Category of modules

In algebra, given a ring R, the category of left modules over R is the category whose objects are all left modules over R and whose morphisms are all module homomorphisms between left R-modules. For example, when R is the ring of integers Z, it is the same thing as the category of abelian groups. The category of right modules is defined in the similar way.

Note: Some authors use the term module category for the category of modules; this term can be ambiguous since it could also refer to a category with a monoidal-category action.[1]


The category of left modules (or that of right modules) is an abelian category. The category has enough projectives[2] and enough injectives.[3] Mitchell's embedding theorem states every abelian category arises as a full subcategory of the category of modules.

Projective limits and inductive limits exist in the category of (say left) modules.[4]

Over a commutative ring, together with the tensor product of modules ⊗, the category of modules is a symmetric monoidal category.

Example: the category of vector spaces

The category K-Vect (some authors use VectK) has all vector spaces over a fixed field K as objects and K-linear transformations as morphisms. Since vector spaces over K (as a field) are the same thing as modules over the ring K, K-Vect is a special case of R-Mod, the category of left R-modules.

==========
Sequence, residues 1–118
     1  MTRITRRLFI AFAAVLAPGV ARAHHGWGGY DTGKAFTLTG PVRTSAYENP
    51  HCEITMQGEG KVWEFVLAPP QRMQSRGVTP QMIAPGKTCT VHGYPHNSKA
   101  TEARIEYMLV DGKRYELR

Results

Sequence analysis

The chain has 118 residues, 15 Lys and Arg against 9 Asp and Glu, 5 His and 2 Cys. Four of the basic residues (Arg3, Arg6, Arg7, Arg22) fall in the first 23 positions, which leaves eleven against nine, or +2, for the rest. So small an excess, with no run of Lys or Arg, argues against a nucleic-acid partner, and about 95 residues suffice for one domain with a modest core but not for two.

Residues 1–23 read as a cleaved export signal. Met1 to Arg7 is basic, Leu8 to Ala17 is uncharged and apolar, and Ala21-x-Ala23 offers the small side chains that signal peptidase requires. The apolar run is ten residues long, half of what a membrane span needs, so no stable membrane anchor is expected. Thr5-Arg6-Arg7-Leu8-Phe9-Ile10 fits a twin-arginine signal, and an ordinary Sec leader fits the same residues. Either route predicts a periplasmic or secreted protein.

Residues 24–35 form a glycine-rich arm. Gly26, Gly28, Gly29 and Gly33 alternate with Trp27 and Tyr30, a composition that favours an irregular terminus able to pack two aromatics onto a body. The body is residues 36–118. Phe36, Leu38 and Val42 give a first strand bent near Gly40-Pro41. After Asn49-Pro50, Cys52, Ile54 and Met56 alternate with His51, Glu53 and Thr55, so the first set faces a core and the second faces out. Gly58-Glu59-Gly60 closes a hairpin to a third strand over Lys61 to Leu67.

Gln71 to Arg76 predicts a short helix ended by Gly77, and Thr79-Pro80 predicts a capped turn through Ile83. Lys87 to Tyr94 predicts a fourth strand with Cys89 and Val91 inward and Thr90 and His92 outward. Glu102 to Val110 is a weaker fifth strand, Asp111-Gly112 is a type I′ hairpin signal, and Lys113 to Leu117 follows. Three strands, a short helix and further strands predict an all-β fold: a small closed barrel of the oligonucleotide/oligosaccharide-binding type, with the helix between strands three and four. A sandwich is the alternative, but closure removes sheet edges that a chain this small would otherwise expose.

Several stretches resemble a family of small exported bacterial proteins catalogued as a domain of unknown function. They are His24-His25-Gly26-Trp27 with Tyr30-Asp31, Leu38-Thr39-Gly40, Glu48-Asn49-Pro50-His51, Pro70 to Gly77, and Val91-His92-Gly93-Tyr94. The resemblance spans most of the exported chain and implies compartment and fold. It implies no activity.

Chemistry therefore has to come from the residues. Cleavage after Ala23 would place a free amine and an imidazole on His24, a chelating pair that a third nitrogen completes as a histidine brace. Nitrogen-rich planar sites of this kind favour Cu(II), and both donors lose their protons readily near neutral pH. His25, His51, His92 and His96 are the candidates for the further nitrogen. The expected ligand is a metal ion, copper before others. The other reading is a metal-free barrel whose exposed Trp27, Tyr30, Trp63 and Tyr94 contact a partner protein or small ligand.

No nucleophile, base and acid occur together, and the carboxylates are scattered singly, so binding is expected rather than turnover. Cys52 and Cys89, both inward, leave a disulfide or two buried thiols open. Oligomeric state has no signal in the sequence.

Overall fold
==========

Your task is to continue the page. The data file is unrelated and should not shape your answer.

Much of linear algebra concerns the description of K-Vect. For example, the dimension theorem for vector spaces says that the isomorphism classes in K-Vect correspond exactly to the cardinal numbers, and that K-Vect is equivalent to the subcategory of K-Vect which has as its objects the free vector spaces Kn, where n is any cardinal number.


The category of sheaves of modules over a ringed space also has enough projectives and injectives.

See also


  1. "module category in nLab".
  2. trivially since any module is a quotient of a free module.
  3. Dummit–Foote, Ch. 10, Theorem 38.
  4. Bourbaki, § 6.

External links

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